By now the onion and courgette were ready to welcome the rice. I like to use either the vialone nano or carnaroli rice variety. I used the latter because it’s the first one I found in my store cupboard. In it went and it got toasted for the appropriate of time and then I poured in all the hot fish stock. None of that one-ladle-at-a-time risotto stuff. Not tonight. My name happens to be Josephine and it was very much the case of “not tonight, Josephine”.
While the risotto was getting cooked in a bubble, bubble, toil and thankfully no-trouble way, I steamed open the clams. You just plonk them in a pan and cover with a lid until the shells open. When the rice was finally cooked, I added the clams, their liquor, shells and all, to the risotto. It looked very pretty, I have to say. (Oh, I had also added a small tomato, all chopped up … I don’t know why I did that. I just did. Oh yes, and I had also added a slice of lemon zest. And oh, of course, some parsely. Clams just love parsely.)
Fun fact number one: Clams are full of iron. Good for haemoglobin in our red blood cells.
Fun fact number two: gelatine is good for us (for our bones, hair and nails I believe).
My inner voice was on cloud nine, it was holier than all the thou’s in the world! Not only had I been thrifty (by actually making a fish stock), not only was I inventing a new risotto recipe (creative juices all fired up), I was indeed also taking care of my body’s overall health. And then I tasted the risotto. One must always taste before serving. Actually, even during cooking. Well. How disappointing! The risotto was bland. I added a bit of salt but that didn’t help. Still bland. I was crest-fallen.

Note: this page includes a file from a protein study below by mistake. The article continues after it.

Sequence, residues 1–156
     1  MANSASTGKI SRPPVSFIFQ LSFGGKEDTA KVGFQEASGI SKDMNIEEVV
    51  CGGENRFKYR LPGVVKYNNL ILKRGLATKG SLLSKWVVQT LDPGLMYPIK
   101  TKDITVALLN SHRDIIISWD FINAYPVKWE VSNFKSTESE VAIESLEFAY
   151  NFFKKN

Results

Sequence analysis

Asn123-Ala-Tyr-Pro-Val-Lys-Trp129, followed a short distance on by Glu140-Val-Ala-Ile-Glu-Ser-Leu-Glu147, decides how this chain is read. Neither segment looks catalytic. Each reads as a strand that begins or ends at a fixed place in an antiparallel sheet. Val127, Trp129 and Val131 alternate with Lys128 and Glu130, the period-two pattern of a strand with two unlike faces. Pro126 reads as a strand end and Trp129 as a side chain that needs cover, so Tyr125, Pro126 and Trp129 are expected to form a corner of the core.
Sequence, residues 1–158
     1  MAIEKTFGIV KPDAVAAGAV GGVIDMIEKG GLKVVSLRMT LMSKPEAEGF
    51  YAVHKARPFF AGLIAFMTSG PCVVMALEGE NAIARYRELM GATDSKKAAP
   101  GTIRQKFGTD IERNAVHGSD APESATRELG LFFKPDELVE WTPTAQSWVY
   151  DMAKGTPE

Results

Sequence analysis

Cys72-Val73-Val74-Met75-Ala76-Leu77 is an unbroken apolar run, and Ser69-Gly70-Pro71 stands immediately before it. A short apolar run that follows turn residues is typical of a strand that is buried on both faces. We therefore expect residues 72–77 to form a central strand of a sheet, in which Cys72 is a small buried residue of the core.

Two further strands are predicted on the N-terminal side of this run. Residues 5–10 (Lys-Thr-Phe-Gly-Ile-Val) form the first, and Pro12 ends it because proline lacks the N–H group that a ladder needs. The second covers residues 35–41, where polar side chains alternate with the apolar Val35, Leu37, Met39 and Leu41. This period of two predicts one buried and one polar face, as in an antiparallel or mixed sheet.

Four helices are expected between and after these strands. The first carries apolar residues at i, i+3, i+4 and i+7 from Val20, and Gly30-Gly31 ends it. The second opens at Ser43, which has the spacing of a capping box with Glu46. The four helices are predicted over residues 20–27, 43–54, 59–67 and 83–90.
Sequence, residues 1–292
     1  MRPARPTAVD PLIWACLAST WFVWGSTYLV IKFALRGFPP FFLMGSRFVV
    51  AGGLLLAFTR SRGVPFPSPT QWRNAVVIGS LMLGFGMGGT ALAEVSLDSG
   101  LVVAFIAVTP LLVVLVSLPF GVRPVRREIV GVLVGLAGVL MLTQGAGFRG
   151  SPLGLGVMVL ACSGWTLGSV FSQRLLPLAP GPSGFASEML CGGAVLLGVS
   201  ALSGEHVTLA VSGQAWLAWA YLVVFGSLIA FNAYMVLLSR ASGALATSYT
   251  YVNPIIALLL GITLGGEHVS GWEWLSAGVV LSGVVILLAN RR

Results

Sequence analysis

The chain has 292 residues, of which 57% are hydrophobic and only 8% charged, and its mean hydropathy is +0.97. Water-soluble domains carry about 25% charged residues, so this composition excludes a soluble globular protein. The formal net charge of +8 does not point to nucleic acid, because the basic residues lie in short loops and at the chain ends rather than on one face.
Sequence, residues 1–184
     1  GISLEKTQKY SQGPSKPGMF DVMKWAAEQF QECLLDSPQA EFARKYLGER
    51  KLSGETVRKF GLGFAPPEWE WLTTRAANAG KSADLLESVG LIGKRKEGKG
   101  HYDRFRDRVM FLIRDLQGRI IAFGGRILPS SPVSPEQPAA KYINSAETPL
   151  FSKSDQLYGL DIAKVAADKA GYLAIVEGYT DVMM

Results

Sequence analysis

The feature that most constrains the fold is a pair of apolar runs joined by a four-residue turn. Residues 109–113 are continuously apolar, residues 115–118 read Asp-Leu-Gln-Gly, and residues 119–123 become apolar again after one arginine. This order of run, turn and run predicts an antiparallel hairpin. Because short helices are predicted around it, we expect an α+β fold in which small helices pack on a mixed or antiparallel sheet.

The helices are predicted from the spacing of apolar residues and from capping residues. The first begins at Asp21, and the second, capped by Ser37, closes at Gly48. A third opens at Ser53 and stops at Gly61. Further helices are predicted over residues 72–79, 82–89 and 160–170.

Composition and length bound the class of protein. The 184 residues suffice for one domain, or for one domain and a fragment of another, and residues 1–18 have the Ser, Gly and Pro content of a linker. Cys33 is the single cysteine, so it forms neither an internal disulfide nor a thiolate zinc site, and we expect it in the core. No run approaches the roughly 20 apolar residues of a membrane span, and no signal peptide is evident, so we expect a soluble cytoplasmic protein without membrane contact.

And then … rebellious genius idea came to the rescue.
Grated pecorino cheese.
Pecorino, mind, not parmigiano.
Let me explain. In Italy the very thought of adding cheese to any fish dish will make people’s eyes pop out. Heresy. Very recently, a young crop of Italian chefs has indeed toyed with the idea but the only cheese I have seen added is either buffalo mozzarella or burrata … i.e. very creamy fresh cheeses that are a little on the bland side, let’s face it.
So, within the context of Italian traditional cuisine, my wanting to add a hard cheese to a fish dish makes me a rebel, see? Quite the iconoclast.
Mindi you, there is an exception to this caseous culinary rule. Here in Lazio, there is a pasta dish that is indeed served with cheese and that is spaghetti with mussels and pecorino. For some cheesy reason, this dish is thoroughly approved of.
Hence my choosing pecorino over parmigiano.
I can’t remember how much I added. I do remember adding a little at a time. I didn’t want the cheese to overwhelm the delicate taste of the risotto. The risotto was still hot and steaming, so the pecorino melted in no time at all.
And, in the end, finally, was it good?
Yest it was. Hip hip hurrah! Feeling very pleased with myself (and my inner voice over the moon).
Below are two links to older posts I wrote about pasta with mussels and pecorino cheese.
These are photos I took this morning, of the leftovers. Please bear that in mind because the risotto looked a lot more come-hither when I was serving it piping hot!
Here you catch a glimpse of the lemon zest (in the centre).